Better educational opportunities equal a brighter future for refugee girls

WUSC was recently honoured with $100,000 during 60 Million Girls Foundation’s annual conference in Montreal. With this funding, WUSC will continue working with refugee communities in Kenya and Malawi to support girls’ education and leadership. 

60 Million Girls ceremony

WUSC Executive Director, Chris Eaton (right), receiving a cheque from the 60 Million Girls Foundation


Focusing on girls first

In 2009, WUSC, with the support of funding from 60 Million Girls Foundation and Windle Trust Kenya began remedial classes for girls in Kenyan refugee camps. The project helped refugee girls stay in school and increase their self-confidence. That same year, WUSC created the Shine a Light campaign to raise awareness and funds enabling girls to attend after-school classes in the camps.

Building on the success in Kenya, these funds will continue supporting girls in Kakuma and Dadaab refugee camps in Kenya and in Malawi to ensure more girls will improve their academic performance and become leaders in their communities. This program hopes to:

  • decrease the drop-out rate among girls at the primary and secondary school levels;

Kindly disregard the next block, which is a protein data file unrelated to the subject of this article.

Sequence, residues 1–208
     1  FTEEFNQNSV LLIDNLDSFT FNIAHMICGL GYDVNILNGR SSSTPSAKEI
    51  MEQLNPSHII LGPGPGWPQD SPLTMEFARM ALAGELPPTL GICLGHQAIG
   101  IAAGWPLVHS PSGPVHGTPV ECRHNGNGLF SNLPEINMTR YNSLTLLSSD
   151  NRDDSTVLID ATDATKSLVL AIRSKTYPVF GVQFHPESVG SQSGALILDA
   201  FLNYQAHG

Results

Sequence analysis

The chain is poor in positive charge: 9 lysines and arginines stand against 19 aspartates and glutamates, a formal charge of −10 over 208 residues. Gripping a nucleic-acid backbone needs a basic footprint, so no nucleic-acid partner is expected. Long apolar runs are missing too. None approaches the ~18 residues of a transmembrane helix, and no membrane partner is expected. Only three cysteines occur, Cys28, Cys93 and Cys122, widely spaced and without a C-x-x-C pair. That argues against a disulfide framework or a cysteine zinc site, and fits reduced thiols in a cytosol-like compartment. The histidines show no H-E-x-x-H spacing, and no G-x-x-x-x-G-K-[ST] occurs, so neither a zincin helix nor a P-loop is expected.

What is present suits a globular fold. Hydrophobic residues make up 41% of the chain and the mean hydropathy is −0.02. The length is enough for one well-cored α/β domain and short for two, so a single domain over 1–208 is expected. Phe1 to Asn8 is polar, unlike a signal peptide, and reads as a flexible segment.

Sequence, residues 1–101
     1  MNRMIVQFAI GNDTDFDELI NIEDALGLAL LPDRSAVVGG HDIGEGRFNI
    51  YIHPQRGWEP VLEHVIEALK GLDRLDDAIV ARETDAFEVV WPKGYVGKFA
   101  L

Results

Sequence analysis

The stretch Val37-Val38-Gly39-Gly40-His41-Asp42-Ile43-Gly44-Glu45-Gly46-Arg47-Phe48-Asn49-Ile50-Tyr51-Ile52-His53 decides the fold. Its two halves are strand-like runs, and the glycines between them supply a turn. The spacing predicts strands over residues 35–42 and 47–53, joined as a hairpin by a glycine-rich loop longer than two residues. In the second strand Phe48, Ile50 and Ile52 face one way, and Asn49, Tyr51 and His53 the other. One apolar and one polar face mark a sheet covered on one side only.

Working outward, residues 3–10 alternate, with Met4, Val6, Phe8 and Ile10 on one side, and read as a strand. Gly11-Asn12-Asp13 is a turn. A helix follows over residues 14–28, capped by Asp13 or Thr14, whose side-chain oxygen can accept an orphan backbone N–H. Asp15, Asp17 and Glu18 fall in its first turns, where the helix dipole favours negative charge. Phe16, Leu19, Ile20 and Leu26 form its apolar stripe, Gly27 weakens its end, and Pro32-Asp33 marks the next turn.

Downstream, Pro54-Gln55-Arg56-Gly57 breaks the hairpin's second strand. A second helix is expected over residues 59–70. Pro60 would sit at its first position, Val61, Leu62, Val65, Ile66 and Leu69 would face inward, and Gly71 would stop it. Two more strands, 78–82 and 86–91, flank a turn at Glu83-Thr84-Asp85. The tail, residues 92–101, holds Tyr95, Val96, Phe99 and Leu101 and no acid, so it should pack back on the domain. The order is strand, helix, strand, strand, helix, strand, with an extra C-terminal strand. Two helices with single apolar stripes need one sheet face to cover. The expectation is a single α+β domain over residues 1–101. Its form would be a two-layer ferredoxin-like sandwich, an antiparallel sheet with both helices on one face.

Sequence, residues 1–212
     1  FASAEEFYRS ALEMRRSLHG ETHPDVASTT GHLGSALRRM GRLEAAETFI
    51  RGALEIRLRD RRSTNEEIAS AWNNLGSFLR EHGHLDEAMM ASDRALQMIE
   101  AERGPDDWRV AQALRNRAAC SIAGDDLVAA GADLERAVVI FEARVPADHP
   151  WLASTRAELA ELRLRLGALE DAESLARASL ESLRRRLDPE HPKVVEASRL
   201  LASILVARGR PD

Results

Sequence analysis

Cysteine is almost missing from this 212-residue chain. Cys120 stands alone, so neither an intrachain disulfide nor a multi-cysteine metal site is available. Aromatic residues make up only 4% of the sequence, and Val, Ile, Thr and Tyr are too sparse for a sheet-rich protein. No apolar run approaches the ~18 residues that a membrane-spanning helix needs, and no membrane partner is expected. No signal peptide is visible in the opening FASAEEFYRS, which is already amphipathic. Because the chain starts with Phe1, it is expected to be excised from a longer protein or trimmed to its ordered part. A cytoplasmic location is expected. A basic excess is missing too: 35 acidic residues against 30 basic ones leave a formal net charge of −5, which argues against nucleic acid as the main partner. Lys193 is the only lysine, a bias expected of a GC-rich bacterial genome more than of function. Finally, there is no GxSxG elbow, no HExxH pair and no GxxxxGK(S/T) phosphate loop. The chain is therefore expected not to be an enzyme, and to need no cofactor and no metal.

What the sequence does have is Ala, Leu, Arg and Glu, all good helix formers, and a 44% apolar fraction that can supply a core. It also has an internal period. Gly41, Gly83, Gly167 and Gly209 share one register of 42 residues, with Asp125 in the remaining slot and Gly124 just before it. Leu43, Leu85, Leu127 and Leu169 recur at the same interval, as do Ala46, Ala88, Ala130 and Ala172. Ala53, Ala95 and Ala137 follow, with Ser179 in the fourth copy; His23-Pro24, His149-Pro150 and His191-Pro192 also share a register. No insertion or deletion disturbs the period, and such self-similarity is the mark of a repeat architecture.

• increase self-esteem and confidence among girls;
  • increase community and parental support for girls’ education.


Hope through education

Helping refugee students gain access to better education is one of the core values of WUSC. Girls especially play a vital role in achieving lasting change. With this new phase of this WUSC program, more young women work towards pursuing their post-secondary education through the Student Refugee Program.


Learn more about WUSC’s Student Refugee Program.

Donate to Shine a Light campaign and help more girls succeed.


WUSC’s Academic & Leadership Program for Refugee Girls is funded by the 60 Million Girls Foundation and will be implemented in partnership with Windle Trust Kenya, Jesuit Refugee Services Malawi, and the WUSC Malawi office.

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